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Model-slag blogger sues Google for blowing her cover

'Skanks in NYC' catfight hots up

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The woman behind the "Skanks in NYC" blog dedicated to putting the boot into model Liskula Cohen is suing Google for $15m after the search monolith bowed to court pressure to reveal her identity.

Student Rosemary Port, 29, apparently knew Cohen from the NY fashion scene and the pair "reportedly quarreled after Cohen badmouthed Port to her ex-boyfriend", the New York Daily News explains.

Port subsequently laid into Cohen on her now-defunct Blogger.com presence, calling the clotheshorse a "psychotic, lying, whoring, still going to clubs at her age, skank", and crafting unflattering captions for snaps of the catwalk-stalking Canadian:

Grab of blog describing Liskula Cohen as Mr. Ed's wife Mrs. Ed

Cohen responded by filing a defamation suit in Manhattan Supreme Court, in the hope of finding out who was behind the outrage. The court obliged, rejecting Port's defence that blogs "serve as a modern-day forum for conveying personal opinions, including invective and ranting", and therefore shouldn't be regarded as fact.

Google duly obeyed the court's direction to unmask Port, and now finds itself the target of further litigation from the rather indignant net bitchslapper.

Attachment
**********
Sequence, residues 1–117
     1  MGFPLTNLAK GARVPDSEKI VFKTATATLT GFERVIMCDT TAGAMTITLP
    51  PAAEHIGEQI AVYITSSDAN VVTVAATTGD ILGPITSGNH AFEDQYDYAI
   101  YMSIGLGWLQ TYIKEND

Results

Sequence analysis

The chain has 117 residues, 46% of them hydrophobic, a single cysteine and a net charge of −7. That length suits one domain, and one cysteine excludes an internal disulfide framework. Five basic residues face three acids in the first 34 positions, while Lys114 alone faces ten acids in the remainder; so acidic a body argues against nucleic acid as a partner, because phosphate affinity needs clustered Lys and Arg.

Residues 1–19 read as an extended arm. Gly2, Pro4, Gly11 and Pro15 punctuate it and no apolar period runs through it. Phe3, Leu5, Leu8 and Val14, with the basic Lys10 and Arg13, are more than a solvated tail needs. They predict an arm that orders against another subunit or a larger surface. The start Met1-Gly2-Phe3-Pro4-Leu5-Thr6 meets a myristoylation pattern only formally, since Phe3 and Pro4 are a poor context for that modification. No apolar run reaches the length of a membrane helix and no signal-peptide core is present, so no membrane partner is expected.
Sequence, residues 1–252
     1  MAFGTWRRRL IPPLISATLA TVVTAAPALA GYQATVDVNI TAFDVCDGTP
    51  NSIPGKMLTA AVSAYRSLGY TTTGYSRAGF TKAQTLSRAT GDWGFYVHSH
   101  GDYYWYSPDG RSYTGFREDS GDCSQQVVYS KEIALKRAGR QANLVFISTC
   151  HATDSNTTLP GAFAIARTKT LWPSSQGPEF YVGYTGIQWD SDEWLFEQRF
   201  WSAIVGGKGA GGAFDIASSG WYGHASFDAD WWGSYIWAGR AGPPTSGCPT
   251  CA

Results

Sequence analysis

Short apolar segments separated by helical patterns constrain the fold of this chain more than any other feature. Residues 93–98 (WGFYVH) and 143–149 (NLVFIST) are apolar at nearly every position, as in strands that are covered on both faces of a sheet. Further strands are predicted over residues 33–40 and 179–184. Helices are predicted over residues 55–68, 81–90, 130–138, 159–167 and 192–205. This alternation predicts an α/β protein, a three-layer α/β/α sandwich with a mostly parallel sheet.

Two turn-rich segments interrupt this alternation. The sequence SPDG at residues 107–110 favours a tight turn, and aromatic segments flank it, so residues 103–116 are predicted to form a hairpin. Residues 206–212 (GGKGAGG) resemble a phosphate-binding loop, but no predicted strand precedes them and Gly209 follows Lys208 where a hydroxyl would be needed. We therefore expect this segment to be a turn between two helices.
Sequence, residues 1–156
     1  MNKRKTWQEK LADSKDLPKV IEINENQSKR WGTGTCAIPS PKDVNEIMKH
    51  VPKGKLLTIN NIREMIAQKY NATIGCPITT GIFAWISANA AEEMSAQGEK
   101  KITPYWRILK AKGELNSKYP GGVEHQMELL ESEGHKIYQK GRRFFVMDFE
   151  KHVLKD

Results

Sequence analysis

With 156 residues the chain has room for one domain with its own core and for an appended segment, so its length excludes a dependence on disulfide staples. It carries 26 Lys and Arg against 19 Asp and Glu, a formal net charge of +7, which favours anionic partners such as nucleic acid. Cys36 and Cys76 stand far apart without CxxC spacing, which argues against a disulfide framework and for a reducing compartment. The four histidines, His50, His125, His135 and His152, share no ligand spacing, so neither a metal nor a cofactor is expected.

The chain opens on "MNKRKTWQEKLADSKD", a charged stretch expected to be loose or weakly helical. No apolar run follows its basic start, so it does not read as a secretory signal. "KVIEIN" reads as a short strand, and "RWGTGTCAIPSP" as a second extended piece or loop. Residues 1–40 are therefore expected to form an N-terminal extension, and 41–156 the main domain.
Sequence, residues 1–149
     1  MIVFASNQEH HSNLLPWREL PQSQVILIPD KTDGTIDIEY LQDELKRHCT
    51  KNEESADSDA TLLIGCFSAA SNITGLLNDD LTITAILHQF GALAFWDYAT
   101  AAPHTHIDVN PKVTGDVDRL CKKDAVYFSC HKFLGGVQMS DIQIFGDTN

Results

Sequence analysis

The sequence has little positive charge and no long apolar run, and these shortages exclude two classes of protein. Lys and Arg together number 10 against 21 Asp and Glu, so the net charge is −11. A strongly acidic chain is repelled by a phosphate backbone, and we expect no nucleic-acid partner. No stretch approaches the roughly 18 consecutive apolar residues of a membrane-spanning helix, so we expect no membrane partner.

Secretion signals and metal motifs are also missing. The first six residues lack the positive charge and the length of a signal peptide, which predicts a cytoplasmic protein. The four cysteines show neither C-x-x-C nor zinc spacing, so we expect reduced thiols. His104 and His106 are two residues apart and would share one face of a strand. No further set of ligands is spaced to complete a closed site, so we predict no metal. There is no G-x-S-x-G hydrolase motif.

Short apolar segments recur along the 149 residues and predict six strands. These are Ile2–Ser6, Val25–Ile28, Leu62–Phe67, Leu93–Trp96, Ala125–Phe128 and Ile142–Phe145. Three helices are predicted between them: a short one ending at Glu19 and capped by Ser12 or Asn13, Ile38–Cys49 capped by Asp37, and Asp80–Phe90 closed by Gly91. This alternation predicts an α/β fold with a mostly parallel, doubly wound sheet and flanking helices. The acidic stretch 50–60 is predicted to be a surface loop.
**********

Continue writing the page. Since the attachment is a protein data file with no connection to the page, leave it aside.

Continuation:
According to the New York Daily News, Port reckons the whole sorry affair is Cohen's fault. She said: "By going to the press, she defamed herself. Before her suit, there were probably two hits on my website: One from me looking at it, and one from her looking at it.

"That was before it became a spectacle. I feel my right to privacy has been violated."

Regarding just why Google should cough, Port elaborated: "When I was being defended by attorneys for Google, I thought my right to privacy was being protected.

"But that right fell through the cracks. Without any warning, I was put on a silver platter for the press to attack me. I would think that a multi-billion dollar conglomerate would protect the rights of all its users."

Enter stage left "high-powered" attorney Salvatore Strazzullo, who's prepared to claim that Google has "breached its fiduciary duty to protect her expectation of anonymity".

He declared: "I'm ready to take this all the way to the Supreme Court. Our Founding Fathers wrote 'The Federalist Papers' under pseudonyms. Inherent in the First Amendment is the right to speak anonymously. Shouldn't that right extend to the new public square of the internet?"

Doubtless many of you are keen to see photographic evidence of how Cohen and Port measure up. Obligingly, the New York Daily News has fetching snaps of the opposing forces right here. ®

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